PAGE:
Maximising Value in Technology, Media and Telecommunications M&A: Involve Your Treasury and Transaction Bank
By Sacha Deal, Global Sector Head and Vivek Anand, Regional Sales Sector Head, Asia Pacific – Technology, Media and Telecommunication, Global Liquidity and Cash Management, HSBC
The rapid growth in M&A activity across the technology, media and telecommunication (TMT) industry brings with it material post-merger activities that are time consuming, often cumbersome and involve multiple stakeholders. Nevertheless, although the integration phase of a deal seldom grabs headlines, it is a primary factor in determining the success, or otherwise, of the deal’s outcome. Sacha Deal, Global Sector Head and Vivek Anand, Regional Sales Sector Head, Asia Pacific – Technology, Media and Telecommunication, Global Liquidity and Cash Management at HSBC explain how the early involvement of a corporation’s treasury and cash management bank can have a highly positive effect on the integration phase and therefore also on the speed at which value is unlocked by the M&A deal as a whole.
M&A deal teams are traditionally kept small for a variety of reasons and the treasury function may not be involved until a deal is well advanced. The challenge with this approach is that it is likely that those who are involved in M&A discussions may have limited understanding of the treasury and cash management implications of the transaction.
As a result, once treasury is engaged, it often finds itself in a fire fighting situation to ensure rationalisation of systems and processes, bank accounts and interfaces. For example, conflicting Enterprise Resource Planning (ERP) and treasury systems can result in unnecessary duplication of effort and personnel, plus the cost of missed opportunities for automation and process improvement.
Involving treasury as early as possible in M&A discussions can help to minimise these risks. While other members of the M&A team can focus on strategic considerations, treasury can focus on the practical details in order to deliver the smoothest possible operational transition.
Furthermore, apart from day to day matters, treasury is also best placed to spot other financial risks, such as hidden liabilities on hedging transactions .
Whilst involving treasury early in the M&A process can improve the operational transition, the degree of improvement will also depend on the empowerment of treasury and their collaboration with their transaction banking partner. In some sectors, such as Natural Resources and Utilities, M&A activity is almost a way of life for many treasuries – so they have a legacy of experience of the transition best practices. This experience isn’t as prevalent for all TMT treasuries. The recent growth in convergence across the TMT sector creates additional complexities given acquisition of new business models and sector dynamics.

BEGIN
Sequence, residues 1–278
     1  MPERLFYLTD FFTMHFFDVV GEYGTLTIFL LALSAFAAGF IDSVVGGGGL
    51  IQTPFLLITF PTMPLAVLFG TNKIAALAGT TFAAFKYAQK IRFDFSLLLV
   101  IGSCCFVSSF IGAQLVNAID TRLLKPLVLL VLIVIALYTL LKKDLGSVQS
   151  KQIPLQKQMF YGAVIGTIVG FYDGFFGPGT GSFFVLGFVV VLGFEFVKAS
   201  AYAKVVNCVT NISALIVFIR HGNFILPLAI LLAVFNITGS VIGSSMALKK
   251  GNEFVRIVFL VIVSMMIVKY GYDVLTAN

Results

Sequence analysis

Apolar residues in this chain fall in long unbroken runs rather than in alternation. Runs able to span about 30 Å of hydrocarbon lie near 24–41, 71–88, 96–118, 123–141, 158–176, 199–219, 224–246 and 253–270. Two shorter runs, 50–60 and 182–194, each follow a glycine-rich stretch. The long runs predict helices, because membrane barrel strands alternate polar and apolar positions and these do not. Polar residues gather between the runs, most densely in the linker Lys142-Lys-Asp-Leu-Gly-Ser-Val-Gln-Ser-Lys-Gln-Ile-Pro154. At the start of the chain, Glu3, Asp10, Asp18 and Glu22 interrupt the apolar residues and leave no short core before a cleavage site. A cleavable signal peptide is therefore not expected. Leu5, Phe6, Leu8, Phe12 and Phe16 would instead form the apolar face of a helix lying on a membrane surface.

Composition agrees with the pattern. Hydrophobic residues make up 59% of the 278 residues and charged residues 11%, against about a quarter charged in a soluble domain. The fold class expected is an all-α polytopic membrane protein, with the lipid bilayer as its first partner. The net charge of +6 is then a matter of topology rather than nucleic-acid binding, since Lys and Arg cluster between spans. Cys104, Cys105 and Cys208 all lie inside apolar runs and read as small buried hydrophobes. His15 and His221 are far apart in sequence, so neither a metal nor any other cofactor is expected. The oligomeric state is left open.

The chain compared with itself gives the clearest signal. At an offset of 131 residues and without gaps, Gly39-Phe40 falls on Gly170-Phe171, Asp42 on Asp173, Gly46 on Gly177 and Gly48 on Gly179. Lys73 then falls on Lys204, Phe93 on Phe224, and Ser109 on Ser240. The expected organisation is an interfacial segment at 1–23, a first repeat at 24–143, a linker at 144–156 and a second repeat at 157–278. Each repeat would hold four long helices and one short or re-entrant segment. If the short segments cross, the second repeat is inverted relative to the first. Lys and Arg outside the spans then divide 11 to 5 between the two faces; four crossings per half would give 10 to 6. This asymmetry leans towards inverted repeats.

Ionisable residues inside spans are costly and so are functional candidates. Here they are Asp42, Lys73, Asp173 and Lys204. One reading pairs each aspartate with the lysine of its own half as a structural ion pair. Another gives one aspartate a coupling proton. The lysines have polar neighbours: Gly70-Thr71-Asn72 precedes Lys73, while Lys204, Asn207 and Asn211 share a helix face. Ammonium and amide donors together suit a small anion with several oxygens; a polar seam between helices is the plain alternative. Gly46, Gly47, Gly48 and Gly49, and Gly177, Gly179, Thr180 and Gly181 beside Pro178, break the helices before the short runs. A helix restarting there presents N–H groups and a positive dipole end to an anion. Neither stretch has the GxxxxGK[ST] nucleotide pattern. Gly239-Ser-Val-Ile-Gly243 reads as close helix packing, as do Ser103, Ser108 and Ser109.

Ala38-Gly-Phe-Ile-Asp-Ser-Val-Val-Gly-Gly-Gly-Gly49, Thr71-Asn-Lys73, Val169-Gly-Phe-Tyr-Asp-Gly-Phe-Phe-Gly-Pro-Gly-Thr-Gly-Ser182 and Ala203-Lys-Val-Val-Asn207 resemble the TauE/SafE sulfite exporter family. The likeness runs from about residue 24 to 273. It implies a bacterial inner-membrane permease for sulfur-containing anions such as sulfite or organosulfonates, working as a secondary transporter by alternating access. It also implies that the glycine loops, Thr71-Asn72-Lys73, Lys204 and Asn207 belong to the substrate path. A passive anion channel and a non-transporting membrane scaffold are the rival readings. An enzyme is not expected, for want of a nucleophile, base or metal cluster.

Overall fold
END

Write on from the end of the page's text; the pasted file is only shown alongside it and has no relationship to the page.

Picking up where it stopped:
A telecoms treasury will have a deep understanding of the likely financial processes and structures of another telecoms company, but perhaps not of a fintech or content provider. For instance, working capital drivers such as terms of trade and metrics such as days payable and days sales outstanding (DPO and DSO) may be entirely different.
Another recent trend in TMT M&A has been an increase in cross-border activity. The treasury of a European TMT company may have a strong grasp of the issues facing a European business, but what happens if the company starts acquiring assets in completely unfamiliar countries in Asia, each with their own particular regulation and business practices?
An experienced transaction bank can provide expertise in support of corporate treasury in the M&A process leveraging its trans-industry and global expertise. Detailed working knowledge of typical financial processes, banking solutions, working capital cycles and local nuances of doing business in multiple jurisdictions can provide critical insight.
In some situations a suitable bank can play a crucial role in keeping vital information flowing between the target and acquirer’s treasury. Situations can and do arise where Chinese walls between the two organisations, such as in relation to physical accounts that form part of the acquisition, can cause virtual stasis. A trusted bank can act as a valuable intermediary here by obtaining dispensation from the target to share information with the acquirer and ensure business-as-usual processes can continue on the day the transaction closes.
An innovative transaction bank will take this intermediary role a step further by organising workshops with the treasurers of both target and acquirer. This can be invaluable in highlighting key issues to be addressed upfront as integration planning develops.
Working capital and liquidity
So how can treasury add value to the M&A process before a deal is even signed? One of the most fundamental considerations is working capital. Will sufficient working capital be available to the right entity and in the right location? If so, are there any obstacles such as local regulation that might impede dealing success?
Cash forecasting is critical here and should initially be undertaken as early as practical in the process and revisited in the lead up to deal completion.
 Clearly M&A activity is a sensitive matter and corporates will be guided by their own policies and procedures, and local regulation as to who to involve.